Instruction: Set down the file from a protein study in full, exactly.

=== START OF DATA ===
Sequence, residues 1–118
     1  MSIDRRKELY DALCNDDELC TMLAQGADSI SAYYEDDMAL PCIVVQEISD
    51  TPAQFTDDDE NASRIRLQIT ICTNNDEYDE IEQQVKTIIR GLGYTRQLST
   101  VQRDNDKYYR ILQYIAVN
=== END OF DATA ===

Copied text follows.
Sequence, residues 1–118
     1  MSIDRRKELY DALCNDDELC TMLAQGADSI SAYYEDDMAL PCIVVQEISD
    51  TPAQFTDDDE NASRIRLQIT ICTNNDEYDE IEQQVKTIIR GLGYTRQLST
   101  VQRDNDKYYR ILQYIAVN